The United States Dollar, in 2015, played a substantial role in the financial marketplace. For currency traders who were bullish on the dollar, it was the year for them. These traders made substantial gains all throughout the year. Weighted dollar index did very well and gained double digits within every one of the main currencies which includes the Euro, Australian dollar and the Canadian dollar. The gain, as expected, in the dollar had substantial spill-over effects to additional asset classes. Many American companies that had exposure to international markets severely suffered from currency related losses. Commodities, at the same time, were hammered. Gold experienced one of its worst years since the crisis in the financial industry. Bloomberg commodities index also was close to the bottom.
In 2015, the dollar strength was as a consequence of the strengthening U.S. economy that marginally grew within the year. The economic information released during that time painted the image of an economy which is recovering. The employment rate is rising as is the instance with wages. As the Fed’s inflation target of 2 percent wasn’t reached, there are indications that with the falling oil prices and tightening monetary policy, it ultimately will be reached within the coming year.
All focus is going to be on the USD in 2016. Traders and investors will look at numerous issues that will decide how they’ll allocate capital to gain from all movements in the USD. The primary concentration as was with 2015 is going to be the economy in the United States. Investors, in this, will pay attention to the critical economic information like the ones associated with employment, inflation, and trade balance amongst other ones. An improving economy is going to produce more fed intervention to raise interest rates. Investors, today, are forecasting four hikes within the year. If this occurs, odds are that the USD will trade higher.
The U.S. data won’t be the sole key player in deciding the dollar pricing in 2016. Additional important global factors ae going to play a substantial role in all of these. China, for one, is going to be a vital factor to be on the lookout for this year.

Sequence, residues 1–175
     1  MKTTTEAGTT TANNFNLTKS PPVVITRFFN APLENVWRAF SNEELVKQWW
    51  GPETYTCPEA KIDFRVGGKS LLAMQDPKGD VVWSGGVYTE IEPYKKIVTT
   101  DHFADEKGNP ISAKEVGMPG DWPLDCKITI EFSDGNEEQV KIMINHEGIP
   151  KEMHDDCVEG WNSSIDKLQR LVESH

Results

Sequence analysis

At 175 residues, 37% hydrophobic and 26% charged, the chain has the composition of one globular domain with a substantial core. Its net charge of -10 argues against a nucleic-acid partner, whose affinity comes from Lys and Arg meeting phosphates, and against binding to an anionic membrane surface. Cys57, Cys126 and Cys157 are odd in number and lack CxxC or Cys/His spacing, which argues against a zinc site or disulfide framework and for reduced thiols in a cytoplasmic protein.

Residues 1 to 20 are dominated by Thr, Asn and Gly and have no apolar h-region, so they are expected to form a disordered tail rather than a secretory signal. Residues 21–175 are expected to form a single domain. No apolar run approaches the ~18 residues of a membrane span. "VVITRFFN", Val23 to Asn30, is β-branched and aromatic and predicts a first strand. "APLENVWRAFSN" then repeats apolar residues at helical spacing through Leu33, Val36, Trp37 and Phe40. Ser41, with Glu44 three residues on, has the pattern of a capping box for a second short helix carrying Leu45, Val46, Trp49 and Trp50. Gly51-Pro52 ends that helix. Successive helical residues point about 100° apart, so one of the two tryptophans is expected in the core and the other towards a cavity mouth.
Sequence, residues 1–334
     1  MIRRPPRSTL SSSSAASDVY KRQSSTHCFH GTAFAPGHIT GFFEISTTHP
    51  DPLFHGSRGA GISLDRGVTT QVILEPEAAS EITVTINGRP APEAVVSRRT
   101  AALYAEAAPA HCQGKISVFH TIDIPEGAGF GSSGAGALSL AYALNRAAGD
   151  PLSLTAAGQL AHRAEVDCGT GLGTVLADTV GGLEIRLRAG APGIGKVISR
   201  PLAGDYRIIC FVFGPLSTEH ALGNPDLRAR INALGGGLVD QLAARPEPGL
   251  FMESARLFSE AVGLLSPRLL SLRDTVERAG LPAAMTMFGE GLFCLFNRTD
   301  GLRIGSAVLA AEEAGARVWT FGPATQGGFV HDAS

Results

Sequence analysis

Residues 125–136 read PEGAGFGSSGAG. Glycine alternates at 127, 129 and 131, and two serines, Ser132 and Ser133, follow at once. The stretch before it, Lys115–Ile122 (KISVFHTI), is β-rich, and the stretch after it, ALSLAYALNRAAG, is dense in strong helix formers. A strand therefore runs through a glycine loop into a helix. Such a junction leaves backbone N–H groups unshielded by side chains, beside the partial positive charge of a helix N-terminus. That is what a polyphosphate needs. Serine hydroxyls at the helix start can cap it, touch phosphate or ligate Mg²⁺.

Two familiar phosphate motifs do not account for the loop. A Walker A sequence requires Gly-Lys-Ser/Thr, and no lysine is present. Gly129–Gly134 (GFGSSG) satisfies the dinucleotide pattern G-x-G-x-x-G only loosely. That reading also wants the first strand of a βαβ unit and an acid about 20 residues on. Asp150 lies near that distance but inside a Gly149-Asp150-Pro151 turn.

Within the September meeting with the Fed’s, it widely was expected that they’ll boost interest rates. One month prior to the meeting happening, however, news arrived that the economy in China was undergoing problems. Their economy was weakening—that caused an intervention from the communist government. It devalued its currency, and implemented severe steps within their stocks exchange. Those measures worked. The primary indexes recovered a few of the losses and the Fed stopped its process of normalization. All eyes now will be fixed at the economy in China because what occurs (bad or good) is going to have substantial spill-over effects around the world.
Also, the emerging markets will have huge impacts on the USD this year. Many emerging marketplaces countries like Argentina and Brazil are heavily reliant upon commodities. It made 2015 their worst period since prices of commodities bottomed out. The impacts were massive with most countries’ economies declining. Experts, this year, think there might be some recovery within those countries. For agricultural based economies like Brazil, the engoing el-nino might see their commodities rise in price. It might assist their currencies in recovering.
The question most traders and investors are asking is on whether the USD reached a ceiling or whether the continual increase will continue. The fact is that no one knows. It’s expected that the factors above, however, are going to be the important determinants of the price of the dollar. Actions of additional central banks also will be key to the USD. We’ve seen Kuruda, Bank of Japan governor, estimate that the bank is going to continually ease. The same has been the instance with Mark Carney, Bank of England governor. This divergence probably will continue in 2016 which is going to further complicate the situation with the dollar.
The USD Should Advance on a Solid Economy
Morgan Stanley say they predict the pound to dollar rate of exchange to dip to 1.53 by the end of the 1st quarter of 2016, as well as 1.52 by mid-year.
The rate of the euro / dollar should decline toward 1.11 by March of 2016 prior to a low of 1.08 being attained by mid-2016.
The GBP/USD is pushing higher and broke the resistance that was implied by the uptrend channel’s upper bound. The hourly resistance at 1.5509 was broken and hourly support is provided at 1.5330.
Stronger support was given at 1.5165.
The technical structure, in the longer term, looks as if a recovery bottom whose maximal upside probability is provide by the solid resistance at 1.6189 (Fibo 61 percent entrancement).